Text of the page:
[LINK] NBN white-elephant-to-be ...
Jim.Birch at dhhs.tas.gov.au
Wed Aug 25 13:57:13 AEST 2010
Marghanita da Cruz wrote:
> In any event, the NBN in high density urban areas is a non-issue - the
market meets demand.
(1) The universal service of the NBN means that the cost paid by city
dwellers subsidises country connections. I have no real idea, but I
guess that the NBN cost would about half if we booted the most expensive
20% of subscribers off the system. In Australia, we do this kind of
thing with other services like roads, electricity, water, phone, health,
etc, using a variety of mechanisms like taxation, standard charges, etc.
Most people would agree with these practice, to some extent at least.
The NBN provides a fairly robust and isolated mechanism for achieving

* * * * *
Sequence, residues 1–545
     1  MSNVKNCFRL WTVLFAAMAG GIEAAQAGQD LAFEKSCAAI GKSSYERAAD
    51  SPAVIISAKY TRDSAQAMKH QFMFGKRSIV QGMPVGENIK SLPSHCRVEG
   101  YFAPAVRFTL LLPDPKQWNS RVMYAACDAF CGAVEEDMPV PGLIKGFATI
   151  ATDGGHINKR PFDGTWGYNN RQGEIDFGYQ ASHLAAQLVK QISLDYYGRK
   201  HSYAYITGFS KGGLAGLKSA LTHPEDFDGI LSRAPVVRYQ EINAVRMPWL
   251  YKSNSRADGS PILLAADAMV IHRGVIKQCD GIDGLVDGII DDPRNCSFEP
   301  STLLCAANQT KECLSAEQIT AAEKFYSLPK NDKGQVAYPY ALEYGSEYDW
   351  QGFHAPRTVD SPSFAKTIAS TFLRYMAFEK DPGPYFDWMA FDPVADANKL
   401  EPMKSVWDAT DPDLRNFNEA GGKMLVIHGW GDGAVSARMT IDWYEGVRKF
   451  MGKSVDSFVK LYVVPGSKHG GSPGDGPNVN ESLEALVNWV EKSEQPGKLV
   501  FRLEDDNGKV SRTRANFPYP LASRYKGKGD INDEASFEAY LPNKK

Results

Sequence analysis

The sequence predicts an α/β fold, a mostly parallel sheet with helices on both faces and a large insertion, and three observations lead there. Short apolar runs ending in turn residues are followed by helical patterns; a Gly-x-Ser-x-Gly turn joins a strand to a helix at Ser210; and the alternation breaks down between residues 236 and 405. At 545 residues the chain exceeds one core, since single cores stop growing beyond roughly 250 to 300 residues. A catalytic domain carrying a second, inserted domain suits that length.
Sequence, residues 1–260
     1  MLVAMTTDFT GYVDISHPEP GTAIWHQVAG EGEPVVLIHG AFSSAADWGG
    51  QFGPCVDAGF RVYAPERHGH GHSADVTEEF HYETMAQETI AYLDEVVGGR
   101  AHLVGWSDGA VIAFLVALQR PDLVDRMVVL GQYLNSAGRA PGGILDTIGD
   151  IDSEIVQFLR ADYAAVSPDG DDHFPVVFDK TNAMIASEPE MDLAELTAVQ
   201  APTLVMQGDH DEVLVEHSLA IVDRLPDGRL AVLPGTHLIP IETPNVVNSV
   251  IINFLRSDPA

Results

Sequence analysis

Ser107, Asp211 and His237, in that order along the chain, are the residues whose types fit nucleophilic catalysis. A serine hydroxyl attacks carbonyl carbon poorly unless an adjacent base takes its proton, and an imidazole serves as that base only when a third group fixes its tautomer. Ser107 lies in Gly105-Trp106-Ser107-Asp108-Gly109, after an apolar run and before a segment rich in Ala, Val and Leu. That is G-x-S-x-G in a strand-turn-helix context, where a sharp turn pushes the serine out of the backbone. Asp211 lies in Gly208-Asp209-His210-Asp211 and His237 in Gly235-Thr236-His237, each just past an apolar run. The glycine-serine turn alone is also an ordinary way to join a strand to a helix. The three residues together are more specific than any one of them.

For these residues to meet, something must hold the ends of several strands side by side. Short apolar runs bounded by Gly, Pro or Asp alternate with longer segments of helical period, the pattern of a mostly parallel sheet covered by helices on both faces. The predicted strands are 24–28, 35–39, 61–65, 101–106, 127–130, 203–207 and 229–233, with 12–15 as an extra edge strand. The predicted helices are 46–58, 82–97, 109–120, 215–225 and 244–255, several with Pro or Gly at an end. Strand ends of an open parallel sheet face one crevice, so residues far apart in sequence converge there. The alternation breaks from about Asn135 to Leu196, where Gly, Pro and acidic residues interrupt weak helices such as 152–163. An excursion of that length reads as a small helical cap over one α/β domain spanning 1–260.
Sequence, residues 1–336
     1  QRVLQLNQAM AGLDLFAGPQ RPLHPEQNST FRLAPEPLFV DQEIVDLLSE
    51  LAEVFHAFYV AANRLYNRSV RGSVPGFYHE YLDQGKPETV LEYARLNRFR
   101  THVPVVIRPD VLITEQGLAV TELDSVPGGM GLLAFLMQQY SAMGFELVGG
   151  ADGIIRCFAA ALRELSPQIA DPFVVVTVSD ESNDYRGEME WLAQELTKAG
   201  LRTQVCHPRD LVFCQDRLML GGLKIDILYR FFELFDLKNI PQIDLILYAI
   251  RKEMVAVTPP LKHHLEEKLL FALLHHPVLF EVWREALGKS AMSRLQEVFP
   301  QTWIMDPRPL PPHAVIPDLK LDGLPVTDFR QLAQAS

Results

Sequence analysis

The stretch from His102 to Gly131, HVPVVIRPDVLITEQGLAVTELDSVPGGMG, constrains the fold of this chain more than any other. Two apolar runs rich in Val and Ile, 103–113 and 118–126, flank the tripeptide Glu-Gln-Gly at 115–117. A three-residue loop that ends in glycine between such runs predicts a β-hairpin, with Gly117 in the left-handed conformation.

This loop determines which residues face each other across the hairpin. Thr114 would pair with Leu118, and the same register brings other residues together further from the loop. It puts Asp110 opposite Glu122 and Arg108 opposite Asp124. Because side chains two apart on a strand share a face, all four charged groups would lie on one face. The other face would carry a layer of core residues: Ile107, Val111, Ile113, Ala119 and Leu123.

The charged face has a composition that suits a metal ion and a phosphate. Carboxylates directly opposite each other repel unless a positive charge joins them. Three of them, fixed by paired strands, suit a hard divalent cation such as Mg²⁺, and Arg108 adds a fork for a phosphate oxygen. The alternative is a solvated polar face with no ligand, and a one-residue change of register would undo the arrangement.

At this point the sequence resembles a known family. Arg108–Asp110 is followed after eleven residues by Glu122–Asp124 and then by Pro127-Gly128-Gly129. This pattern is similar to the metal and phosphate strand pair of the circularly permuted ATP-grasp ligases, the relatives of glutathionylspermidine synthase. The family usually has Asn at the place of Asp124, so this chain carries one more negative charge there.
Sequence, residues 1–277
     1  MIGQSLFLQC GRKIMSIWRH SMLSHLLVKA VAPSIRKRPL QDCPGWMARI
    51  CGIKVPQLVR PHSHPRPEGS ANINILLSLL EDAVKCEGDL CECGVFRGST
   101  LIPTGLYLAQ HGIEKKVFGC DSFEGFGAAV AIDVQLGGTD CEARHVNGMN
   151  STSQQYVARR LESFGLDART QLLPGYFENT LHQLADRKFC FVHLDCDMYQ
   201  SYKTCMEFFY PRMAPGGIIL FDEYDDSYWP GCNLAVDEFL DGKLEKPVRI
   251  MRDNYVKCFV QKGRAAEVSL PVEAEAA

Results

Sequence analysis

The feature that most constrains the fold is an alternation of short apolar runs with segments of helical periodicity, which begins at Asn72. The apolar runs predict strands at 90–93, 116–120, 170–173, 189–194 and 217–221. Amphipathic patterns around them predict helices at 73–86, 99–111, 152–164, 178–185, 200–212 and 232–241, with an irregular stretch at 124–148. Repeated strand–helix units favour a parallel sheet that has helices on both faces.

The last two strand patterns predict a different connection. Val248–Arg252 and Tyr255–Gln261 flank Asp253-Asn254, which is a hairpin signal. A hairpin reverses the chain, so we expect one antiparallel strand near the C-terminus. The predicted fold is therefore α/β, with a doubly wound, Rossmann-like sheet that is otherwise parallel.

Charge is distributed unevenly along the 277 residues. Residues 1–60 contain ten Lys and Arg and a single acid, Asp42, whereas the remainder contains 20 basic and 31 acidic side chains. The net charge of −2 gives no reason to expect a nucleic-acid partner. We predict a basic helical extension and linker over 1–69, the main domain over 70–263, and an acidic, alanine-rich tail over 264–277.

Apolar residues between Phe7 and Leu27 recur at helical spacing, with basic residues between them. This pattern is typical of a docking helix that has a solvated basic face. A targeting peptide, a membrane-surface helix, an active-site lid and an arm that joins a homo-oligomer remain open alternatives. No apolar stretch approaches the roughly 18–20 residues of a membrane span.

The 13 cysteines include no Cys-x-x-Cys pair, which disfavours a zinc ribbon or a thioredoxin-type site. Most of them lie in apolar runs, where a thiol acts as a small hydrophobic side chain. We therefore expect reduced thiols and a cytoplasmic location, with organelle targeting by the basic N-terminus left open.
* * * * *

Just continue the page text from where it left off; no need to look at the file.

this in telecoms.
(2) Apart from providing very fast comms links, another really big key
positive is to eliminate the Telstra copper monopoly. Clearly something
has to be done about Telstra holding the country to ransom. Apart from
overpriced basic services, there are significant cost impacts in terms
of failure to innovate technologically when there's no business case for
a monopoly, and in limiting the competition in services in favour of
exclusive partner deals. The new infrastructure would be publically
owned and customers can swap providers at the flick of a software
switch. I don't see this can be given any kind of dollar figure, but we
can expect these competition benefits to be substantial given the
increasing presence of electronic communication to how we live, work and
play. The market will provide in high density urban areas but you may
find they are locked into someone's vertical market.
Neither of these points are the primary reason for the NBN, and they
could *theoretically* be achieved in other ways, but they are
significant real world benefits of the NBN.
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